Dogs, cats and other mammals belonging to confirmed Covid-19 patients must now undergo their own mandatory 14-day quarantine under the Agriculture, Fisheries and Conservation Department after a dog belonging to a patient registered a "weak positive" for the virus that causes Covid-19.
Previously, family members were allowed to care for the pets of the infected if they did not live with the patients and were not subject to quarantine themselves.
"However, from now on as a precaution, we will ask the owners to surrender their cat or dog to the AFCD for quarantine," said Dr Chuang Shuk-kwan, head of the communicable disease branch of the Centre for Health Protection.
Earlier in the day, Hong Kong veterinarians called for calm after the "weak positive" was announced.
The department said in a statement in the small hours of Friday that the dog, despite the initial test result, had not shown any symptoms nor was there was any evidence to suggest pets could either contract the coronavirus or be a source of infection.
The Agriculture, Fisheries and Conservation Department is now conducting more tests to confirm if the dog was really infected with the coronavirus, or if the result could be attributed to environmental contamination of the dog's mouth and nose.
Dr Michael Bradley from Stanley Veterinary Centre said he thought it very unlikely that pets such as dogs and cats could be infected with the coronavirus, as very few viruses can jump between species.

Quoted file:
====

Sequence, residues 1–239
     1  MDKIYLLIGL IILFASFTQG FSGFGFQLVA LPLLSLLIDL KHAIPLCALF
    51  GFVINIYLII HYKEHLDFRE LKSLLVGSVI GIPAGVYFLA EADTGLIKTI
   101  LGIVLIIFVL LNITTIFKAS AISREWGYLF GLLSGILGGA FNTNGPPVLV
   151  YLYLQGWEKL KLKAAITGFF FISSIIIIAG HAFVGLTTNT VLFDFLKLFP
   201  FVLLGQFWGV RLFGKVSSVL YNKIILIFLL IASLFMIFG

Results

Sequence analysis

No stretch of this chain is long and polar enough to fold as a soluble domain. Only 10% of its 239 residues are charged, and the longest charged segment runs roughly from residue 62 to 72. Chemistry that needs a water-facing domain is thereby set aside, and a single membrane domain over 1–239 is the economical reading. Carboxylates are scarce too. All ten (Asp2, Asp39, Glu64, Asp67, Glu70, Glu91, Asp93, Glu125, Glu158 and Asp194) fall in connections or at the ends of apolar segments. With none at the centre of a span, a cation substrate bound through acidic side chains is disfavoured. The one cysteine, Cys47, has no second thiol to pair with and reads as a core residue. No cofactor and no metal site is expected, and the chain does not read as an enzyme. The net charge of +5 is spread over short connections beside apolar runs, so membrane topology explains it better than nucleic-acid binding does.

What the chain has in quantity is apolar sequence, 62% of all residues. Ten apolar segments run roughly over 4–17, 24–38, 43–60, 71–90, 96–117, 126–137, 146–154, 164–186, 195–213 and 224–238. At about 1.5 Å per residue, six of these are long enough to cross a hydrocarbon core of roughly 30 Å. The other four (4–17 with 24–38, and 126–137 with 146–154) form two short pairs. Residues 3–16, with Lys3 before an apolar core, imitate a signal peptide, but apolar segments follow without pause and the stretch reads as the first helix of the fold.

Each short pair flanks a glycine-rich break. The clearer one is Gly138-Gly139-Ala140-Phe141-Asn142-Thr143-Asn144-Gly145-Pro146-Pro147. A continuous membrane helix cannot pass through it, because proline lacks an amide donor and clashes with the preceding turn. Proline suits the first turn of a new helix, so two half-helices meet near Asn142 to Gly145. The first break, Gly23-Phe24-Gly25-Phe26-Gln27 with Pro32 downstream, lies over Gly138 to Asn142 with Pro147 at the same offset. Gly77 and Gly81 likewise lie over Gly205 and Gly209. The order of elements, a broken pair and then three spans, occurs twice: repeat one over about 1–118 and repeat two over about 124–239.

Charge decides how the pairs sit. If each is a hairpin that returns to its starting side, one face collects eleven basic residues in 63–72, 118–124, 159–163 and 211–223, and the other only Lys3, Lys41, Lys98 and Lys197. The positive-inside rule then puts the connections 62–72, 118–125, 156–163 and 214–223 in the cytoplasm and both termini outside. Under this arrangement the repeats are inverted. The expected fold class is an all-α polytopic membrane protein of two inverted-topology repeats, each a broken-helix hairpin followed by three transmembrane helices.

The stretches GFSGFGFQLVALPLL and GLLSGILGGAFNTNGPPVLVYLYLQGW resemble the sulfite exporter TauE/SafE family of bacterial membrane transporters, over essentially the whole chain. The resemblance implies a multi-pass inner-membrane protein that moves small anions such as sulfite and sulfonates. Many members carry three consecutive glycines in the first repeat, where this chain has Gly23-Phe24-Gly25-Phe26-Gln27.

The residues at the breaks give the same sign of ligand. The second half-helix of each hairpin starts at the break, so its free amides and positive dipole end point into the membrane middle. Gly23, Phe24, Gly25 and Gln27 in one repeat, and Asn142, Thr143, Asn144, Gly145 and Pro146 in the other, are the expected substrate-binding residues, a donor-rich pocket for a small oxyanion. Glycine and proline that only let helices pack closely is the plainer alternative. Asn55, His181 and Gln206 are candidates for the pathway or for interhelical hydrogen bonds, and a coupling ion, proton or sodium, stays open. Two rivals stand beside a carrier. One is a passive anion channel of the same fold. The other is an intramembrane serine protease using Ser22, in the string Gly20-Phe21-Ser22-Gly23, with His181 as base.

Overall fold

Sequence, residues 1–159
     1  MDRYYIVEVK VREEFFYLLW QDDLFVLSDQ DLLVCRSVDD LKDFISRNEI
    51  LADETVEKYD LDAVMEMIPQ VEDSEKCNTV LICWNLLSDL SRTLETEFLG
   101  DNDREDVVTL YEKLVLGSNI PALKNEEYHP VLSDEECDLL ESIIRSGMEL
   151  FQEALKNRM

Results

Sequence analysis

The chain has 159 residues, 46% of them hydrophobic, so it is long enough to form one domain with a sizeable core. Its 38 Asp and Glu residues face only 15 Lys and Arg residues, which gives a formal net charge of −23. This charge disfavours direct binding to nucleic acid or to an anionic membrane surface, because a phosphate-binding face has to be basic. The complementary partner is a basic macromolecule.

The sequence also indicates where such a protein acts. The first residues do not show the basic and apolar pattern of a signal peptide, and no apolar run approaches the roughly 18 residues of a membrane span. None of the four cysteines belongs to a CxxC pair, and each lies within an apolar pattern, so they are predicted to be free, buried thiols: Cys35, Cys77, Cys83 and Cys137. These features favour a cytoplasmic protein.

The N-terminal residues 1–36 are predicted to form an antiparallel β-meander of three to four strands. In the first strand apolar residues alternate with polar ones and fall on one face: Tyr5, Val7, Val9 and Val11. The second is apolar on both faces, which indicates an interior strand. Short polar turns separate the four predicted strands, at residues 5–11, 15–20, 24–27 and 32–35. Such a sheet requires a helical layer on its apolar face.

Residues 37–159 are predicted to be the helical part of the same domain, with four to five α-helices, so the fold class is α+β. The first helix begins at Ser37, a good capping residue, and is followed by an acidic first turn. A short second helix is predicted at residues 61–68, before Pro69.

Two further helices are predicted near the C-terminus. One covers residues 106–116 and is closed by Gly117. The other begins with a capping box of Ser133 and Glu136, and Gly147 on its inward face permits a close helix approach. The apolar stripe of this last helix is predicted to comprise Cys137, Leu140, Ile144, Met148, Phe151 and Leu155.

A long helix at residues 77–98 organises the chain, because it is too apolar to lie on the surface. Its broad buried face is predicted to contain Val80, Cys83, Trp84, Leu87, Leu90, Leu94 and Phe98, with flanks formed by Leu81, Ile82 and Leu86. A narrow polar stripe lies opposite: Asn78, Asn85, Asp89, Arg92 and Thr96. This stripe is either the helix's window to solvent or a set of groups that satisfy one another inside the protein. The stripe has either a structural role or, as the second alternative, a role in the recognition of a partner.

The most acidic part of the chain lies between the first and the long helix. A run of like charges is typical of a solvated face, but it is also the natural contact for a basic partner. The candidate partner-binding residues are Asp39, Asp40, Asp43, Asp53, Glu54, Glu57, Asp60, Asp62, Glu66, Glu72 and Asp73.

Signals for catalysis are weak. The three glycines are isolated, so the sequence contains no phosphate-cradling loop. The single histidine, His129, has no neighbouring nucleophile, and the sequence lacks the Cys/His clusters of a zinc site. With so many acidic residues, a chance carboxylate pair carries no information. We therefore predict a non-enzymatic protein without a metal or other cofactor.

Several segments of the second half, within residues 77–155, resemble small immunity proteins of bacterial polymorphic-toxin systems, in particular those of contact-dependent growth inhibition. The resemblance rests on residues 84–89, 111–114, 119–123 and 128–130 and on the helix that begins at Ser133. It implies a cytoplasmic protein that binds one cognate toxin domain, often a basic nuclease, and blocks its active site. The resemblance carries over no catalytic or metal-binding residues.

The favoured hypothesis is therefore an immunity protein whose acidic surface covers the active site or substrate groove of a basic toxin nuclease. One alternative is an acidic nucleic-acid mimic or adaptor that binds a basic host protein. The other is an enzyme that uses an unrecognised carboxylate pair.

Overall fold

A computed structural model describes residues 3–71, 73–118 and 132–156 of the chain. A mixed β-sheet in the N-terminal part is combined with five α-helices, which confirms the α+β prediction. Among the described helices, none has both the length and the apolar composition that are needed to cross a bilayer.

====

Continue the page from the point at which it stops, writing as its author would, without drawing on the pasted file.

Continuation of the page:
"There is no need to panic. There is no evidence yet that the virus can infect dogs, cats or other domestic animals," he said. "It's possible that the dog had the virus due to environmental contamination. A dog can be an object that carries the virus same as anything else, like a tissue."
He suggested that owners observe basic hygiene after touching pets, especially hand washing, and avoid busy areas when walking their dogs.
The dog that tested weak positive is believed to belong to a Jockey Club member infected with Covid-19 whose domestic helper is also infected. The pair are among the 94 confirmed cases in Hong Kong.
"The dog tested weak positive from the nasal and mouth swab, not from a blood test. It's quite possible that it is from the dog contacting the owner or being in the same environment with the owner," Dr David Gething of Creature Comforts said.
Professor David Hui Shu-cheong, a respiratory medicine expert from Chinese University, also said that despite the pet's weak positive result, it did not mean it had been infected.
It was possible that droplets from the infected pet owner had contaminated the environment or the dog, Hui said on a Friday morning radio programme.
He added that no evidence thus far shows that dogs can be infected with severe acute respiratory syndrome (Sars), Middle East respiratory syndrome (Mers) or Covid 19.
A spokesman from the Happy Valley Veterinary Clinic & Hospital said the patient visited the clinic on her own without her dog on February 22 to pick up medication. She was wearing a mask and stayed for about three minutes.
The clinic was notified about her test result on February 26, a day after she was diagnosed. They immediately sanitised the interior and sent home three receptionists who had come into contact with her for quarantine.